6. 7 The Parser and DOM The previous chapters showed how to view and transform XML documents. Style sheet is a powerful technology but it is limited to viewing and trans- forming. When you have more specific needs, you need to turn to program- ming. This chapter introduces how to read XML documents from JavaScript or Java. In this chapter, you learn • what an XML parser is • how to interface a parser with an application • what DOM, the Document Object Model, is • how to write JavaScript applications that use DOM • how to write Java applications that use DOM • which other applications use DOM What Is a Parser? A parser is the most basic yet most important XML tool. Every XML appli- cation is based on a parser. A parser is a software component that sits between the application and the XML files. Its goal is to shield the developer from the intricacies of the XML syntax. Parsers are confusing because they have received a lot of publicity: There are dozens of parsers freely available on the Internet. When Microsoft shipped Internet Explorer 4.0 as the first browser with XML support, they bundled two XML parsers with it. Yet, if you ask for a demo of a parser, you won’t see much. The parser is a low-level tool that is almost invisible to everybody but programmers. The confusion arises because the tool that has so much visibility in the market- place turns out to be a very low-level device.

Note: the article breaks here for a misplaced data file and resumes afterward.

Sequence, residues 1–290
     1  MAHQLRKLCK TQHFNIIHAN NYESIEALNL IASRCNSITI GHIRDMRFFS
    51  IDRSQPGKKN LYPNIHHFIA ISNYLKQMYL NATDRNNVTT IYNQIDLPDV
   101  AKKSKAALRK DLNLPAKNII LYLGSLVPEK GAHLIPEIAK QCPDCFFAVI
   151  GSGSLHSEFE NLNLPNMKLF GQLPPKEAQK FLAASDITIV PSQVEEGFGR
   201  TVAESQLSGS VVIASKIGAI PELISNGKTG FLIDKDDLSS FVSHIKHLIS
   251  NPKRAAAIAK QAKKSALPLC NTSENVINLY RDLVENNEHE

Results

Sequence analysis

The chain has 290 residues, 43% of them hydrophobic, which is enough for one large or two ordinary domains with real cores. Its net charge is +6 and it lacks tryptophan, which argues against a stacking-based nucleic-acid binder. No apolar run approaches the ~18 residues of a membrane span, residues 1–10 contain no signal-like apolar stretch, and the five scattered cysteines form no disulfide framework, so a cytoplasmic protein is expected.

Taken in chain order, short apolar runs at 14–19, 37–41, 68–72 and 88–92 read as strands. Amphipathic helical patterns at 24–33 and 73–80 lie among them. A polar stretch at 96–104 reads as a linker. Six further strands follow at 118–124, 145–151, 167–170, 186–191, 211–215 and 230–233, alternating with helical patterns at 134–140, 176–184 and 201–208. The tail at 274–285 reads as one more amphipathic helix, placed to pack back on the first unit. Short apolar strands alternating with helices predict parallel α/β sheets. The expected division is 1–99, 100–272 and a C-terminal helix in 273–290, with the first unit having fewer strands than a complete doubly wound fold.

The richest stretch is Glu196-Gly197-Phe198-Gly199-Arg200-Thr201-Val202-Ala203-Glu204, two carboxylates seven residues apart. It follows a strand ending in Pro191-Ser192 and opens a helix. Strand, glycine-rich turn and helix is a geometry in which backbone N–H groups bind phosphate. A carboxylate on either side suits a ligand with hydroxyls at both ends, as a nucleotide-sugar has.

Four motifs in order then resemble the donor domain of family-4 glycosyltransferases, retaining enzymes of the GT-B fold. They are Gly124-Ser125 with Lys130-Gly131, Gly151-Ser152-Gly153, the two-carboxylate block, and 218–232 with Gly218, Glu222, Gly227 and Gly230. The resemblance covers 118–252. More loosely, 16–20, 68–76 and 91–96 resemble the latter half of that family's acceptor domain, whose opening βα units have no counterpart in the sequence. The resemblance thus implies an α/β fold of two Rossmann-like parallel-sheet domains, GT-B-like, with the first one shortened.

7. 192 Chapter 7: The Parser and DOM Parsers Why do you need parsers? Imagine you are given an XML file with product descriptions, including prices. Your job is to write an application to convert the dollar prices to Euros. It looks like a simple assignment: Loop through the price list and multiply each price by the exchange rate. Half a day’s work, including tests. Remember the prices are in an XML file. To loop through the prices means to read and interpret the XML syntax. It doesn’t look difficult—basically elements are in angle brackets. Let’s say the half-day assignment is now a one-day assignment. Do you remember entities? The XML syntax is not just about angle brack- ets. There might be entities in the price list. The application must read and interpret the DTD to be able to resolve entities. While it’s reading the DTD, it might as well read element definitions and validate the document. ✔ For more information on how the DTD influences the document, see the section “Standalone Documents” in Chapter 3 (page 79). What about other XML features: character encodings, namespaces, param- eter entities? And did you consider errors? How does your software recover from a missing closing tag? The XML syntax is simple. Yet, it’s an extensible syntax so XML applica- tions have to be ready to cope with many options. As it turns out, writing a software library to read XML files is a one-month assignment. If you were to write such a library, you would be writing your own parser. Is it productive to spend one month writing a parser library when you need only half a day’s work to process the data? Of course not. That’s why developers download a parser from the Internet or use the one that ships with the development tool. This is the common definition of a parser: off-the-shelf components that isolate programmers from the specifics of the XML syntax. If you are not convinced yet and if you’d rather write your own XML parser, consider this: No programmer in his/her right mind (except those working for Oracle, Sybase, Informix, and the like) would write low-level database drivers. It makes more sense to use the drivers that ship with the database. Likewise, no programmer should spend time decoding XML files—it makes more sense to turn to existing parsers.